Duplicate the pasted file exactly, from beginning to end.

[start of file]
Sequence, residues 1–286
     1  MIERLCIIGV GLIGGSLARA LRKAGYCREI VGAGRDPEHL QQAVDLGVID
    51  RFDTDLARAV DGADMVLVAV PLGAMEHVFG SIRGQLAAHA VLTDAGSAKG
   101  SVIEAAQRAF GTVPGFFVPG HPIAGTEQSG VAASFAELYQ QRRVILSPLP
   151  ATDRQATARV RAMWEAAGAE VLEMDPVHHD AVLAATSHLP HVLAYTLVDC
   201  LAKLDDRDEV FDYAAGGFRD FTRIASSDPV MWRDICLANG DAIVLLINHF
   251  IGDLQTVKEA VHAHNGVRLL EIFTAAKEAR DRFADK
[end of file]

Sequence, residues 1–286
     1  MIERLCIIGV GLIGGSLARA LRKAGYCREI VGAGRDPEHL QQAVDLGVID
    51  RFDTDLARAV DGADMVLVAV PLGAMEHVFG SIRGQLAAHA VLTDAGSAKG
   101  SVIEAAQRAF GTVPGFFVPG HPIAGTEQSG VAASFAELYQ QRRVILSPLP
   151  ATDRQATARV RAMWEAAGAE VLEMDPVHHD AVLAATSHLP HVLAYTLVDC
   201  LAKLDDRDEV FDYAAGGFRD FTRIASSDPV MWRDICLANG DAIVLLINHF
   251  IGDLQTVKEA VHAHNGVRLL EIFTAAKEAR DRFADK